War, conflict, sacrifice
Wehave gone through two weekends of Remembrance Day celebrations, less and less of the ‘real’ war Veterans attending. By ‘real’ wars we mean the one that was to end all wars and for which, on November 11th at the eleventh hour, we pause for two minutes. And then the second one, which ushered in the modern era.
So in a way, those who can stand and parade are from what is no longer called war, but conflict.
Yet, one doesn’t see too many Blue Berets of the Peacekeepers at Remembrance Day. We should; they are Canada’s contribution to World Peace, with a great convergence of Canadians at the right place and the right time, with a local angle to boot. It was during the reign of Compton born Louis Saint-laurent that his Secretary of State for External Affairs, Lester Pearson, changed forever the rules of war. From then on, the World’s political body, the United Nations, could intervene between belligerents. And so the Peacekeepers were created. It helped that another Canadian, General Tommy Burns, was already at the United Nations. For this, Lester Pearson won Canada’s only Nobel Peace Prize. Canadians were not so generous for Mr. Saint-laurent’s government; it was defeated, marking the end of twenty-two years of Liberal rule.
Because they are no longer wars, these conflicts have become impersonal; a conflict doesn’t involve a country, but its military, no longer under a Department of War, but of defense: Soldiers or Civil Servants?
So it did bring into perspective what these ‘civil servants’ are doing today to see a living ghost make his appearance at two celebrations during the week end. Georgeville’s Lorne Waide, dressed up as a WWI soldier, reminded all that the last veteran of the 19141918 war is now dead, that of the seven million military casualties, almost 65,000 were Canadians, and that we should add the 2,000 people who died in the Halifax explosion to that number to remind ourselves that war doesn’t only kill soldiers. The young man is about the average age of those who never came back from that war, from the second one, from Korea, and from peacekeeping activities.
That the peacekeeping efforts have brought us an almost unprecedented era of global peace, conflicts being local and not global, that for any credible intervention the blessing of the United Nations is now obligatory, even for the Americans, should never hinder the fact that millions of young men, and now thousands of young women, have sacrificed their lives so that we can enjoy what we cherish most.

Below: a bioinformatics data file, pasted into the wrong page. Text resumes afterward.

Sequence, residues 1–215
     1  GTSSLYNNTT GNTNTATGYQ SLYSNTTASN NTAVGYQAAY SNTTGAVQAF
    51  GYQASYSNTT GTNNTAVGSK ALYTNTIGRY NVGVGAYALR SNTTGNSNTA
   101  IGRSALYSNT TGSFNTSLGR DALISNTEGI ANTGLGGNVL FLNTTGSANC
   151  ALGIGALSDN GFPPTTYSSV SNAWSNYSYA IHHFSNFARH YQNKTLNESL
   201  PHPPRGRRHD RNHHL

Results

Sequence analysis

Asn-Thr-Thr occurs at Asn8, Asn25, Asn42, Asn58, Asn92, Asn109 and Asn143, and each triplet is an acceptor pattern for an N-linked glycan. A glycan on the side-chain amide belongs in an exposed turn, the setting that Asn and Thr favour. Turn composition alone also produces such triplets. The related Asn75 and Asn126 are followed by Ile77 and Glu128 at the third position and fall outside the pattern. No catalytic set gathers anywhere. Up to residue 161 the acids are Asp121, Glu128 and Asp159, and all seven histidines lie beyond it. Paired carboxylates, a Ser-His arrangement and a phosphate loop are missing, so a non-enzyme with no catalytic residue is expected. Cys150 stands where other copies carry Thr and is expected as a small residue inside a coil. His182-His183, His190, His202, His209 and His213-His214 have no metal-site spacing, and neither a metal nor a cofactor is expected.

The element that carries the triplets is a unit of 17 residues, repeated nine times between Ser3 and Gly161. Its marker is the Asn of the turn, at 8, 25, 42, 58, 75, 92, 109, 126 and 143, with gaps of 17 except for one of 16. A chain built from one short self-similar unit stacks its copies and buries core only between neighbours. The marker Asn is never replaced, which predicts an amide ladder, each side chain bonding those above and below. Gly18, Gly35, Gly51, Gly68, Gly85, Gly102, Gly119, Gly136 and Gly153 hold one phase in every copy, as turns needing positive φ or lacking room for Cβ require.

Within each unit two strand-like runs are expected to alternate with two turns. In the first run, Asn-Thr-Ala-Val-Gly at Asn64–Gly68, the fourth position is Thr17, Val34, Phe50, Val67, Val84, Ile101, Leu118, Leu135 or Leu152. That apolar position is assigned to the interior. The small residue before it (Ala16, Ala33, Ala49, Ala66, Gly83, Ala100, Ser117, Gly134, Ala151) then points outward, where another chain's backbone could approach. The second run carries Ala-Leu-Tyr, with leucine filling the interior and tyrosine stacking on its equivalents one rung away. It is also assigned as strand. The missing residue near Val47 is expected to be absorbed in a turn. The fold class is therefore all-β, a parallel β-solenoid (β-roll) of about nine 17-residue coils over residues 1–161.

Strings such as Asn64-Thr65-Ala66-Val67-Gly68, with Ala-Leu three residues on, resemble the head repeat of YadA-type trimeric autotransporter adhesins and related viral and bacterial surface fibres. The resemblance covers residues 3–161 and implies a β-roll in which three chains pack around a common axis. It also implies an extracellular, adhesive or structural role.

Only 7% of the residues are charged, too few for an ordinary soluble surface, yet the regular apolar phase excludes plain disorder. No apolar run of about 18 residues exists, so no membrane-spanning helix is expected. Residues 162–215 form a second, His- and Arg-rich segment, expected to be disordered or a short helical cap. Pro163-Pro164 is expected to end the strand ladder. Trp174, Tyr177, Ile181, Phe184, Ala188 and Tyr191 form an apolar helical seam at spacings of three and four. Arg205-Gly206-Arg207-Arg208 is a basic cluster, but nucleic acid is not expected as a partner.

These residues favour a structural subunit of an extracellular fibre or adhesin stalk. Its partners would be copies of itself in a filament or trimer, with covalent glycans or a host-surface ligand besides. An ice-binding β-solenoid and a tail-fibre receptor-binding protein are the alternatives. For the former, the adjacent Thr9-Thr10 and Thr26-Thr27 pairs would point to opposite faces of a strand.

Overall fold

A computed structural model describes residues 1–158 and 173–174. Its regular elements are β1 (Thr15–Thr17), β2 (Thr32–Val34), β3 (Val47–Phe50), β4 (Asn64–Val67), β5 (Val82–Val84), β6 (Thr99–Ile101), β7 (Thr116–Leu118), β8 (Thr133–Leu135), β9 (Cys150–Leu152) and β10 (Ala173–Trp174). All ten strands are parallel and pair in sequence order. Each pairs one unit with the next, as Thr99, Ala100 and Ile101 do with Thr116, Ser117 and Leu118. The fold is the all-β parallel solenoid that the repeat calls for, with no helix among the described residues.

The second sight that was comforting was the laying of white crosses by children in front of the usual wreaths. Most did so with a solemnity that was surprising, stopping after doing so, not at attention as adults do, but sitting on the ground, looking at these crosses, the monuments. What can they think? A lot looked at Mr. Waide; he is a more normal figure than the old gentlemen, grandfather figures, to them. The age of an older brother, a neighbour, a favorite cousin who always brings treats or who can play a video game with you.
We can change the wording, a war can become a conflict, but the sacrifice of those who are fighting is the same, whatever the name. For having brought a living image of those who fought almost a hundred years ago, for involving the youth in the Remembrance Day ceremonies in Hatley and Ayer’s Cliff, the Ayer’s Cliff Branch #128 of the Royal Canadian Legion must be commended. In the fall edition of “The Stagecoach”, our Mayor, in a rather vague manner, urged citizens to express their enthusiasm for a projected move of the Town Hall from its actual location to The Cultural Center, located at 10 Phelps Street. Weeks later, on October 26th, I read in “Le Journal de Magog” that “moving” was in the air at the Town Hall. I was upset and angry that such news would come to the citizens of Stanstead via a Magog newspaper. Furthermore, I was more than a little concerned that the Town Hall was perhaps going to be my new neighbour, that I, along with more than 20% of the population of Stanstead would be gathering our mail elsewhere, and that our once quiet residential street would become quite busy with traffic to and from a relocated Town Hall. The Town Hall, which is now highly visible to both citizens and visitors to our town, would now be at a location with little or no visibility and parking for staff and visitors would also be less accessible. As a responsible citizen, I then consulted the minutes of the Town Council›s meetings (which are available online). In said minutes of the Town Council on September 6th, 2011, Counseillère Michèle Richard expresses her desire that the location of the Town Hall, be it 425 Dufferin or 10 Phelps be handled with utmost promptness and transparency. The next paragraph states that the Director General had already submitted plans to each councillor on June 30th, prepared by a designer, Jean-maxime Landry, but that it would now be appropriate for funds to be available for an evaluation of the building by an architect. There is no mention of costs to date nor mention of funds being granted for the architect›s evaluation. At the council meeting held on November 7th, only 6 citizens were in attendance. As the economy worsens, not only in Stanstead but in the country as a whole. are there no concerned citizens worried that the Town will spend money on a move which will prove not only costly, but arguably unnecessary. Are we apathetic or simply indifferent? We are the 2nd most taxed municipality in our region. Does anyone care that our taxes will possibly increase due to unnecessary expenditures? I care and I sincerely hope that there are others who do care and will express interest in our municipal affairs. Hey Stansteaders, do you care? Next town meeting is on December 5th at 7 pm. See you there. Frances Bonenfant and
Louise Souligny Phelps Street, Stanstead